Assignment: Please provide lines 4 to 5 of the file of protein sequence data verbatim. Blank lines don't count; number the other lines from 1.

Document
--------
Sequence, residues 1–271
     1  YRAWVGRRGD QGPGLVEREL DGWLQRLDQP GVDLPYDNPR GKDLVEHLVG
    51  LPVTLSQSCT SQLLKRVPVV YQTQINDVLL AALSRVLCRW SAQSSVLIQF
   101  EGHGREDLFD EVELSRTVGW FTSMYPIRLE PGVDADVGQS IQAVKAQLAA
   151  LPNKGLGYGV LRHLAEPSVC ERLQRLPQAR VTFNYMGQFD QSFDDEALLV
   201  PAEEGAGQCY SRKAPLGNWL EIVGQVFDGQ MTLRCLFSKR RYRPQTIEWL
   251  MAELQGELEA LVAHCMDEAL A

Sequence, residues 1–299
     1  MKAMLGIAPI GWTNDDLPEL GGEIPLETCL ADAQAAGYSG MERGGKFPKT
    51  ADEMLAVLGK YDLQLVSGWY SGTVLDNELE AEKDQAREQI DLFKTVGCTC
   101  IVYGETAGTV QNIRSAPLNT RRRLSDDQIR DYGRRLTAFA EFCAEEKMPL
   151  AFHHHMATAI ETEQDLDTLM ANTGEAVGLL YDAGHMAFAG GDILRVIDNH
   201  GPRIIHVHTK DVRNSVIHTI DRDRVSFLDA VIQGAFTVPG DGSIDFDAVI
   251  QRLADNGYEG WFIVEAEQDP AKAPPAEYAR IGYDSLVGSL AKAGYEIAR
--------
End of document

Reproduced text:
   101  EGHGREDLFD EVELSRTVGW FTSMYPIRLE PGVDADVGQS IQAVKAQLAA
   151  LPNKGLGYGV LRHLAEPSVC ERLQRLPQAR VTFNYMGQFD QSFDDEALLV